NABARD - 25 Years Of SHG Movement - page 10

ABARD provided the first social venture Capital for Self
Help Groups (SHGs). MYRADA worked with PACs in the
early 80s. The poor farmers who were not happy with
the PACS, broke away in 1984-5 and formed groups in
which all were poor. These developed into SHGs which had all the
structural features of a Cooperative. The members self-selected
themselves on the basis of affinity and started with regular
savings which were placed in a group common fund. MYRADA
provided training on how to conduct meetings, how to encourage
participation of all, how to identify and address problems related
to poverty, gender and social oppression and find solutions.
Funds for training were later provided by Nabard. The members
borrowed small loans from the common fund which MYRADA
embellished with a grant. SHGs built human and institutional
capital at the bottom of the pyramid which enabled the poor
to use credit for their growth; if credit alone is invested, it will
extract further capital.
When there were about 200 groups, MYRADA approached
NABARD on August 29, 1986, for a grant to match the groups
savings and to train them. Rs one million was sanctioned on
24 October, 1987. This was the first social venture capital which
today has blossomed all over India. Nabard/RBI took three policy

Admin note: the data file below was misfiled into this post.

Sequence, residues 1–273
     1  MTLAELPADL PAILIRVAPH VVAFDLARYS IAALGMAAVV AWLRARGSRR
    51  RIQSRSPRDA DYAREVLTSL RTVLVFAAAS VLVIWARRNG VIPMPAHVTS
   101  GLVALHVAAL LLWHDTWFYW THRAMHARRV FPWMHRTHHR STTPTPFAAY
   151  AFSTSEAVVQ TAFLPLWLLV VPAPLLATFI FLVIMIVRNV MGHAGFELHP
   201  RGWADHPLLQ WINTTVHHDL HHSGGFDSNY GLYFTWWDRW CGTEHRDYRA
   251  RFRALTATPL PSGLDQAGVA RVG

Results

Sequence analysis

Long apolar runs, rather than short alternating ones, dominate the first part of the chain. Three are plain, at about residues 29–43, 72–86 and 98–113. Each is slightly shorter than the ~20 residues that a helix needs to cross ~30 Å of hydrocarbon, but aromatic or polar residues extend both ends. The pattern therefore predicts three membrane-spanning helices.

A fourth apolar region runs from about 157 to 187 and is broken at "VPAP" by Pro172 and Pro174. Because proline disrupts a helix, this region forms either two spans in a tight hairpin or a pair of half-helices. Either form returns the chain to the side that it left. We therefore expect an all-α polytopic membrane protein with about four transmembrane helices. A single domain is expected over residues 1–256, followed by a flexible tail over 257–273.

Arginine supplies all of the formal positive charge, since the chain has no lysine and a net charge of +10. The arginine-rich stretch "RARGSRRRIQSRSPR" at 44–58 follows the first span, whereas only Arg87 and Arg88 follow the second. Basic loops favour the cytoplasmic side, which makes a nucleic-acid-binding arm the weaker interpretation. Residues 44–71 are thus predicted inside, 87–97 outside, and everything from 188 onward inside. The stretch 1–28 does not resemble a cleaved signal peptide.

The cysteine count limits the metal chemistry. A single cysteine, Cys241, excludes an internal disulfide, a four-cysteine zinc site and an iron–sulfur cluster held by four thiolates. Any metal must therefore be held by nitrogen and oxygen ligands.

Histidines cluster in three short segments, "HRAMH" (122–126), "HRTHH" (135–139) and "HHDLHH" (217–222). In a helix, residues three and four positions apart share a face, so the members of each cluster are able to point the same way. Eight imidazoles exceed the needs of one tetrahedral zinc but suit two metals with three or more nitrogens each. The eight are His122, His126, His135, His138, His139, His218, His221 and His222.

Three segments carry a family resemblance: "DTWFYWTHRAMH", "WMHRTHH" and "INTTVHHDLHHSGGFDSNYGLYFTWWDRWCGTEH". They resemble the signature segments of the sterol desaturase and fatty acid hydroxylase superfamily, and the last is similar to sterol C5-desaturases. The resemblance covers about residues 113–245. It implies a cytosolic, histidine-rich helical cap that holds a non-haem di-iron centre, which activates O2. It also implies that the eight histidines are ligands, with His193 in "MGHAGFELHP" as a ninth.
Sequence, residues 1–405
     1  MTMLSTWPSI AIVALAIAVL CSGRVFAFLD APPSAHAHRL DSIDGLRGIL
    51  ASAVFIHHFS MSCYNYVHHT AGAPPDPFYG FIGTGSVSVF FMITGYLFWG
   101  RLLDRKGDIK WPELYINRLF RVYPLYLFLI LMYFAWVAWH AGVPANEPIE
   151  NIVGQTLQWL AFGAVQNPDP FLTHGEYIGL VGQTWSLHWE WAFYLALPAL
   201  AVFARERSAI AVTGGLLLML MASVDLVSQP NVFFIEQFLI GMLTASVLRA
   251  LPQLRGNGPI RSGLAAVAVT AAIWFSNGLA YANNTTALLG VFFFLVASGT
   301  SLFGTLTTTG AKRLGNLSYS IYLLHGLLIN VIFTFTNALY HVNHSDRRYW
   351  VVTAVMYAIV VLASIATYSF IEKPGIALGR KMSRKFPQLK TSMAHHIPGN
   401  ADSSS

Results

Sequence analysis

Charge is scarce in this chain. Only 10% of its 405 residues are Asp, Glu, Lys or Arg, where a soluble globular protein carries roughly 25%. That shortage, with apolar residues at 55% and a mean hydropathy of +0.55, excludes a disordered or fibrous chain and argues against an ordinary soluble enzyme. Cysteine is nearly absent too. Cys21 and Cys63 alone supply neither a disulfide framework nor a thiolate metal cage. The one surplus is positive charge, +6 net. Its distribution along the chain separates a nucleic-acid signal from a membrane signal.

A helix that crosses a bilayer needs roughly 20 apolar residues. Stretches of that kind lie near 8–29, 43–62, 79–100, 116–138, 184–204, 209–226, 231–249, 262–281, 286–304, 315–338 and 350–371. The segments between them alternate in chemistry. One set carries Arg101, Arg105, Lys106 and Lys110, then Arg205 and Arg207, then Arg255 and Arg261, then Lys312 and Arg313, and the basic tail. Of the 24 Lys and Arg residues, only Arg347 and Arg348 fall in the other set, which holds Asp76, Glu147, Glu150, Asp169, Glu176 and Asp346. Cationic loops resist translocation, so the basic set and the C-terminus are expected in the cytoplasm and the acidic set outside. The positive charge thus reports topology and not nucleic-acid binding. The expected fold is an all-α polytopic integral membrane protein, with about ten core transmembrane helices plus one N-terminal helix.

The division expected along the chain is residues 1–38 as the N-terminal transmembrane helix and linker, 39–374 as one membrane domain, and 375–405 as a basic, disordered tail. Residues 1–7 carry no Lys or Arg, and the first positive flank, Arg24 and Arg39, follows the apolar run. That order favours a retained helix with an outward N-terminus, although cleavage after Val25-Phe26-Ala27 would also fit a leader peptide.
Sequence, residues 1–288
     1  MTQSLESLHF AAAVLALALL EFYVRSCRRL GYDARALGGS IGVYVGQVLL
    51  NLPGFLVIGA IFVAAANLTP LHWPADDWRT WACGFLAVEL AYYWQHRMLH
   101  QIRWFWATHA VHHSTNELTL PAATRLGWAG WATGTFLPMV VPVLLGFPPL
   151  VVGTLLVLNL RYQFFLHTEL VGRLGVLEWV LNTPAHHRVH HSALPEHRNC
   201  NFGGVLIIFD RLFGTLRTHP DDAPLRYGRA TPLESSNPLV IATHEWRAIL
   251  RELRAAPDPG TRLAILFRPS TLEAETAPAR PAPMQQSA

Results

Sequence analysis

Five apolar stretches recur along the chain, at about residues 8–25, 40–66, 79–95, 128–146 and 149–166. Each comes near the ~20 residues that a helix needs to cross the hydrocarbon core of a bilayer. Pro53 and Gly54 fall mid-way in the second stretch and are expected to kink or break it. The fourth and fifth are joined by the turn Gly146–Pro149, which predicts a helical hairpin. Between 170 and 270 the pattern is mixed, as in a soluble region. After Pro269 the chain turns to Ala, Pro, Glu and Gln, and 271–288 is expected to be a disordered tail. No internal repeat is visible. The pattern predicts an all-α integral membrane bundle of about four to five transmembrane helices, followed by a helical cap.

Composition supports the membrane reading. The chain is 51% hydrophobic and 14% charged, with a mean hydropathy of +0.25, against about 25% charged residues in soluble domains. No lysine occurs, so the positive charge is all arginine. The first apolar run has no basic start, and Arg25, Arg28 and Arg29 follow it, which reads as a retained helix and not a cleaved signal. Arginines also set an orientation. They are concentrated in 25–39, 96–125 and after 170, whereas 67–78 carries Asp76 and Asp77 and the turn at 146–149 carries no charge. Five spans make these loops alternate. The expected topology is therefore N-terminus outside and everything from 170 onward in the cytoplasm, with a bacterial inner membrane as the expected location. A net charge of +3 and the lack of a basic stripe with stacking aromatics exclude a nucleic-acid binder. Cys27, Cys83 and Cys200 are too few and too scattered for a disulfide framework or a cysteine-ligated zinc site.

decisions: i) to allow Banks to advance one bulk loan to the SHGs
leaving the SHG to decide on individual loans to members; ii)
Shri Aloysius P Fernandez
Member Secretary, MYRADA
to lend to unregistered SHGs provided they functioned with
adequate documents and accounts and iii) to lend without
physical collateral. The affinity and the common funds were
the two pillars of joint liability. On the basis of these decisions
Nabard launched the SHG-Bank Linkage programme in 1992.
Nabard, NGOs and the Bank were the driving forces from 1992 till
2000; these comments refer only to this period.
SHGs were the Facebook of the 80s and 90s: One of the major
concerns today in advancing loans is to have adequate
information on the client through digital lending based on
algorithms and predictive models. The SHGs had all this data in
“living mode”. The members knew one another, their credibility,
income, behaviour, spending patterns, repayment culture etc;
they added an important dimension of lending, namely strong
SHGs coped with diversity in size and purpose of loans and
schedule of payments. Families required different sizes of loans
even for similar assets. Livelihoods in rural economy are risky and
cannot be standardised and incomes are lumpy; they depend on
the monsoons which is the most disruptive instrument.
In brief, the pre 2000 SHG model and the SHG-Bank Linkage
program were the most appropriate to cope with the needs of an
informal, high risk, diversified rural economy.
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